“Luck is a matter of preparation meeting opportunity.”
Seneca the Younger, Roman Philosopher, 4BC – 65 AD
We don’t know when we first heard the above, but it remains true as today as whenever it was first uttered.
For software developers, especially small organizations, opportunities to stand out come rarely and pass all too quickly. Opportunities must be seized when they present themselves. Those moments typically happen when a new device (PC, PDA, smartphone) come onto the market or when conditions suddenly shift (mainframe to desktop, packaged software to web, dropping Flash, etc). We have participated in, and profited from, a few of them (digital photography, Newton MessagePad, iPad). The signs are not difficult to recognize if one knows what to look for:
- Established players are forced to rethink their offerings.
Case in point: desktop software makers were forced to adapt their applications for the smartphone and tablet market. Those who tried to just cram their software designed for the larger screens onto smaller ones found themselves quickly surpassed by newcomers who designed their software specifically for the user on the go and for the smaller screen sizes.
- There’s a noticeable lack of dominant players.
When a platform is so new that everyone is essentially starting from “square one,” nobody is anybody, in the beginning. The big guys may have more resources to throw at a project, but above a certain size, more bodies won’t necessarily make a software project get to completion any faster or with better quality. Small, nimble teams can get a project out the door before the big guys get out from under their planning and budget meetings.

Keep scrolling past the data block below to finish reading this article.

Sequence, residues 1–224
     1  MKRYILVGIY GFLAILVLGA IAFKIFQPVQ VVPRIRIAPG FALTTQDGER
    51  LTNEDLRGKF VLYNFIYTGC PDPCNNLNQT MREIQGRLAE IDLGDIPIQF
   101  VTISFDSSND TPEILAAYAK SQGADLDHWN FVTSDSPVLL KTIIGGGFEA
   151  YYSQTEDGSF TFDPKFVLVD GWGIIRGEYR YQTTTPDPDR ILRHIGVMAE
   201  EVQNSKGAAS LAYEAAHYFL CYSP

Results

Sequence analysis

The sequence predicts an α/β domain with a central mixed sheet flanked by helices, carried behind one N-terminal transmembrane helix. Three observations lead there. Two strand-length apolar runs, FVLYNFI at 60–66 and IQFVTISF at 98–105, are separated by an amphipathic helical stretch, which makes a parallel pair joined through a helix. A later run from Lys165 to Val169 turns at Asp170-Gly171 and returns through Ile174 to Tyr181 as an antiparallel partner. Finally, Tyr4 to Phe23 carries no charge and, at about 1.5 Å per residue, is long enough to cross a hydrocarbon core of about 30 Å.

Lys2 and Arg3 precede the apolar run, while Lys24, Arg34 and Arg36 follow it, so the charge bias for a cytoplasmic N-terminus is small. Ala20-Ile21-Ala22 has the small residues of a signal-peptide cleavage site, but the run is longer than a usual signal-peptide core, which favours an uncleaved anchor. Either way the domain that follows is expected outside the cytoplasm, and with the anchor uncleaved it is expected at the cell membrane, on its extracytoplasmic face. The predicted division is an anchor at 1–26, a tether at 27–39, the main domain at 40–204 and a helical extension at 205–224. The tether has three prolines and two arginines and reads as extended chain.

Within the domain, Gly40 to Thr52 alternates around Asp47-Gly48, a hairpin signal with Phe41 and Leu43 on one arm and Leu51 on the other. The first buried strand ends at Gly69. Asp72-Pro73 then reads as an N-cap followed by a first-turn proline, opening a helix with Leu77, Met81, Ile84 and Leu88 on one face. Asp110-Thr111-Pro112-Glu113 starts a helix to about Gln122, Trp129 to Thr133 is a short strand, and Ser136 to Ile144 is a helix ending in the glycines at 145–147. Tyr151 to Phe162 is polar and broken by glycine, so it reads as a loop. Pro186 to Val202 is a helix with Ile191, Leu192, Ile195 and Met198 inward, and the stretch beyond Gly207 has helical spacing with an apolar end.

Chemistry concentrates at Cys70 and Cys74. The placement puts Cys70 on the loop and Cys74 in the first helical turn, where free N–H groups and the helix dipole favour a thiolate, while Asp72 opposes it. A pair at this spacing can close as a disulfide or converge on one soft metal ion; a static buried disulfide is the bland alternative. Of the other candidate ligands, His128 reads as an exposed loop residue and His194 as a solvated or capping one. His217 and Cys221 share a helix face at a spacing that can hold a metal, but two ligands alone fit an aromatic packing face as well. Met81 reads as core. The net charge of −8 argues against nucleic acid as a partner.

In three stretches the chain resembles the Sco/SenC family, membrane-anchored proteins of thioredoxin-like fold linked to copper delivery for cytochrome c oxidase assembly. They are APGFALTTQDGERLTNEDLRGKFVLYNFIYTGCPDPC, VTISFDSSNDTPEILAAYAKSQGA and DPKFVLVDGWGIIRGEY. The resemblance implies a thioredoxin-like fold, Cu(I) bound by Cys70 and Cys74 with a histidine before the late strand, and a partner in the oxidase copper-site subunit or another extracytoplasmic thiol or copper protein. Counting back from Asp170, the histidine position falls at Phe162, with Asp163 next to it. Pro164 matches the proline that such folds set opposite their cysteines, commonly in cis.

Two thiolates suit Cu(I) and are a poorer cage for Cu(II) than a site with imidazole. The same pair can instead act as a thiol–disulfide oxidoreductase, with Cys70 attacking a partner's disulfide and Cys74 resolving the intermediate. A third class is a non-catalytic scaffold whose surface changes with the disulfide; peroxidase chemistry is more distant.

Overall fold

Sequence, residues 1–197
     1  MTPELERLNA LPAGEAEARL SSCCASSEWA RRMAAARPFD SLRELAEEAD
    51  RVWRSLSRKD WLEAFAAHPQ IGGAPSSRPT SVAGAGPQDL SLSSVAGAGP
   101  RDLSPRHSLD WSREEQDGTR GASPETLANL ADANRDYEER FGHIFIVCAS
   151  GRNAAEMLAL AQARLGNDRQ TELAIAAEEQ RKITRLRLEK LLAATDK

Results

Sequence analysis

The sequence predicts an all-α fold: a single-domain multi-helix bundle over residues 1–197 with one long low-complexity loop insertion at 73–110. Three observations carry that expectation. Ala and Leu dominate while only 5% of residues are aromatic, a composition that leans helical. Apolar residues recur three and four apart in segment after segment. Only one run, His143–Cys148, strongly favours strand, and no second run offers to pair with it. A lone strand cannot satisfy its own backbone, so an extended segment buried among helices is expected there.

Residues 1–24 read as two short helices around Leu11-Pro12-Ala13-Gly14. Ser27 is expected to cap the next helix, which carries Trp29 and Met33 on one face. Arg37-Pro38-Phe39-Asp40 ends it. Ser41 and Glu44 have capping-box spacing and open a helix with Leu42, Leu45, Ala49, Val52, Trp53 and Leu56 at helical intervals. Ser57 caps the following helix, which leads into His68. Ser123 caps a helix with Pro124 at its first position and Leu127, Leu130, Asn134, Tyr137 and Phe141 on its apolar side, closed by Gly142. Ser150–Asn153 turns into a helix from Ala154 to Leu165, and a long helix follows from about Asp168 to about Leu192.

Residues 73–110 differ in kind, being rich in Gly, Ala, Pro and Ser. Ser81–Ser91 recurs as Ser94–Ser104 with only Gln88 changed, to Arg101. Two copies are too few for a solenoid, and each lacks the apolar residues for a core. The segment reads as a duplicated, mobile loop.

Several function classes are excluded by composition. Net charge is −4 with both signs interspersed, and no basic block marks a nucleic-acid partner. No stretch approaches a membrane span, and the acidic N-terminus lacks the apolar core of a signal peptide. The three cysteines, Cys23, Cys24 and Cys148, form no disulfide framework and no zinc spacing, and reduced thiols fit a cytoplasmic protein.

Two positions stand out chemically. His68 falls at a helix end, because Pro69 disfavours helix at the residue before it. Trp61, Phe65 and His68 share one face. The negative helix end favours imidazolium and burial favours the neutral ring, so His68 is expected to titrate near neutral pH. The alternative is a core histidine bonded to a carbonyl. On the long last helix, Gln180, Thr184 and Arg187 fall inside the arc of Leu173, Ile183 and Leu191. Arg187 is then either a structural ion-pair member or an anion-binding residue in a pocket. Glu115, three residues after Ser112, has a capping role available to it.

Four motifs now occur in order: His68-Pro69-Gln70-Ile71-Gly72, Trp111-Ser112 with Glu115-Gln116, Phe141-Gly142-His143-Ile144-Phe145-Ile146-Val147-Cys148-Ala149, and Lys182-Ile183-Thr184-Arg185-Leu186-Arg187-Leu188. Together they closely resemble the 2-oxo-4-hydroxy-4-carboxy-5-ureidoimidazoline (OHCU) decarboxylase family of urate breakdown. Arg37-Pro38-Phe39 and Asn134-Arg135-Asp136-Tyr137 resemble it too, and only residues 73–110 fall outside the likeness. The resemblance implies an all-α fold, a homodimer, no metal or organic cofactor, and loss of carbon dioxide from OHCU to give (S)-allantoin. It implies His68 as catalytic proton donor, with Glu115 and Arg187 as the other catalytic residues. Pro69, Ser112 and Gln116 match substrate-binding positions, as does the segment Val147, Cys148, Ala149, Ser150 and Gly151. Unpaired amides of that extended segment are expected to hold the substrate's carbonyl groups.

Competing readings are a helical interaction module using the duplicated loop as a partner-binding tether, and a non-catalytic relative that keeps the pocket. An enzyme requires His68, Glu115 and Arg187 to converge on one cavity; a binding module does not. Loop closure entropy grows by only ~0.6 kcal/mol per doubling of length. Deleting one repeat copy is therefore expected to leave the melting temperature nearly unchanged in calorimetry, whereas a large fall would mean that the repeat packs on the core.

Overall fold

- No “killer app” has yet emerged.
When something “cool” with lots of “potential” enters the market, but most people don’t know what to do with it, or maybe even why to use it. When the personal computer was first introduced, many people were excited about the idea, but couldn’t really figure out why anyone would use one; being able to “store and catalogue recipes” was not a compelling reason. The market didn’t erupt until someone realized they could program it to automate the heretofore manual, laborious, highly-prone-to-error spreadsheet calculations. VisiCalc and Lotus 1-2-3 were game-changers because they helped their users streamline this necessary task, resulting in higher revenue/profit (i.e., make money). They also helped the software industry coin the term “killer apps.”
We think the release of Apple Watch is one of those rare events where all three of the signs are present.
- The tiny screen size is forcing all developers to rethink if/how their software makes sense on Apple Watch.
- Everyone who wants to write code for Apple Watch will have to learn to program using Swift, WatchKit, and the latest Xcode.
- The following question needs to be answered: A tiny computer on the wrist is so Dick Tracy, but can I use it to make money?
To us, the interesting question is not: How can we do what we do on the desktop/smartphone/tablet on Apple Watch? but: What can’t we do/didn’t make sense to do on the desktop/smartphone/tablet that we can do on Apple Watch? We are on the hunt for the “killer app” for Apple Watch!
Opportunities are presented to us every moment of every day. Some are more well-timed than others, but they are there if we look for them. The arrival of Apple Watch is such an opportunity. We intend on exploiting it to the fullest.